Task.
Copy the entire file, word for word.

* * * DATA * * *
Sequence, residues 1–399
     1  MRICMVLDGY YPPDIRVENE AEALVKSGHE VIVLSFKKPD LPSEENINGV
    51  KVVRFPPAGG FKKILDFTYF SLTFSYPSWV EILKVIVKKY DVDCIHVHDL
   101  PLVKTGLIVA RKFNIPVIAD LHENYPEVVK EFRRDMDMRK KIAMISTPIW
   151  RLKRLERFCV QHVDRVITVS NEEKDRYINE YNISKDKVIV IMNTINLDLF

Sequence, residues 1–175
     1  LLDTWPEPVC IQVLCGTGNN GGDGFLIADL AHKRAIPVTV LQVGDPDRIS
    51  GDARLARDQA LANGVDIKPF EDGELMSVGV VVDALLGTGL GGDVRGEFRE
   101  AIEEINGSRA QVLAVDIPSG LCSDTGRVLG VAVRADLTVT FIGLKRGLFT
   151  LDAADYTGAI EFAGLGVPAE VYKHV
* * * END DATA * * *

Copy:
Sequence, residues 1–399
     1  MRICMVLDGY YPPDIRVENE AEALVKSGHE VIVLSFKKPD LPSEENINGV
    51  KVVRFPPAGG FKKILDFTYF SLTFSYPSWV EILKVIVKKY DVDCIHVHDL
   101  PLVKTGLIVA RKFNIPVIAD LHENYPEVVK EFRRDMDMRK KIAMISTPIW
   151  RLKRLERFCV QHVDRVITVS NEEKDRYINE YNISKDKVIV IMNTINLDLF

Sequence, residues 1–175
     1  LLDTWPEPVC IQVLCGTGNN GGDGFLIADL AHKRAIPVTV LQVGDPDRIS
    51  GDARLARDQA LANGVDIKPF EDGELMSVGV VVDALLGTGL GGDVRGEFRE
   101  AIEEINGSRA QVLAVDIPSG LCSDTGRVLG VAVRADLTVT FIGLKRGLFT
   151  LDAADYTGAI EFAGLGVPAE VYKHV